To improve access for learners and ensure students have alternatives to using a keyboard, deploy switch and scanning options. With the click of a switch, switch control assists uses to, for example, enter text, select from menus and move the cursor. Switch control is available in the ‘accessibility’ menu of many computers.

For keyboard users with physical, sensory, or cognitive challenges, standard keyboards pose functional barriers. Depending on your learner’s needs, AbilityNet highlights the following alternatives to standard keyboards:

      • ergonomic keyboards
      • smaller, compact keyboards
      • separate numeric keypads
      • keyboards with larger keys
      • high-contrast keyboards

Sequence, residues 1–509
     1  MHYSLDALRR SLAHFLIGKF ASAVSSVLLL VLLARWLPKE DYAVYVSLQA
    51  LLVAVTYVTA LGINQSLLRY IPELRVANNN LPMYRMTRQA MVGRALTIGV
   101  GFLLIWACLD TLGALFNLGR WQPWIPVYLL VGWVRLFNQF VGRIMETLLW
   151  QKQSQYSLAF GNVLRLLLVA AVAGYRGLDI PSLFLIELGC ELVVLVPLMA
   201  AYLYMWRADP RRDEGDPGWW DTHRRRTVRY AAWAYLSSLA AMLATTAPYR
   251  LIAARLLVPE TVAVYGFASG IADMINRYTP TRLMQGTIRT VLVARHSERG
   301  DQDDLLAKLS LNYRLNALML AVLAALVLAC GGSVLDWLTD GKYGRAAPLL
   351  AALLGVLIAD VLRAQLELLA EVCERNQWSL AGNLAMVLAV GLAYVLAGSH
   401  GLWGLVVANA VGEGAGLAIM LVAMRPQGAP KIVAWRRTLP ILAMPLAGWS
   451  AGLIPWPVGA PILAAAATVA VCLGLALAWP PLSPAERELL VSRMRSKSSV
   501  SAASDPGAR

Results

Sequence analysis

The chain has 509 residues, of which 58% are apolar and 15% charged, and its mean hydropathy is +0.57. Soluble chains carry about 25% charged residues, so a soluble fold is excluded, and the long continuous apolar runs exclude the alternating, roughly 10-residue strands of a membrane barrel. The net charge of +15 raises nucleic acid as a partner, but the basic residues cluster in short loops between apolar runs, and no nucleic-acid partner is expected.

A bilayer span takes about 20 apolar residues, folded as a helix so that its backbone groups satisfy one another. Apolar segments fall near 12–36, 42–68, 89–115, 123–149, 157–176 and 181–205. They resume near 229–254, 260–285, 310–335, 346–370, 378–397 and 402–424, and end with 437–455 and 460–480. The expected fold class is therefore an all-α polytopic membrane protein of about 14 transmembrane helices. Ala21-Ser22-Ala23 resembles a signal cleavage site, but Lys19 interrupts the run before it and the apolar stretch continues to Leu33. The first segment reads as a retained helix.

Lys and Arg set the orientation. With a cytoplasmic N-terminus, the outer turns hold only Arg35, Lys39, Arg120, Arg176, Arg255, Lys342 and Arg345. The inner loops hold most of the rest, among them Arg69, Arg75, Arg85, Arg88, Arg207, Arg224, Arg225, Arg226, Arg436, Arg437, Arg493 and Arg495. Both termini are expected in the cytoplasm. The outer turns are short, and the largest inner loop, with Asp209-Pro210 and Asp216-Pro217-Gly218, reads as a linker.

• early learning keyboards
      • more specialist keyboards – Braille, chording and expanded devices
      • typing without a keyboard

Spectronics provide information regarding a range of on-screen keyboards to limit or remove barriers to computer use stemming from a range of physical or cognitive challenges.

Tactile feedback overlays added to touch screens can improve their accessibility to vision-impaired users. Microsoft’s touchplates are tactile guides that provide tactile feedback for touch screens. Touchplates are physical guides that overlaid on the screen that are recognised by the underlying computer application. Additionally, customised overlays for touch screens and keyboards provide support for interacting with large touch screens or accessing spatial data. Read more regarding the challenges with touchscreens faced by vision-impaired users, and some overlay options.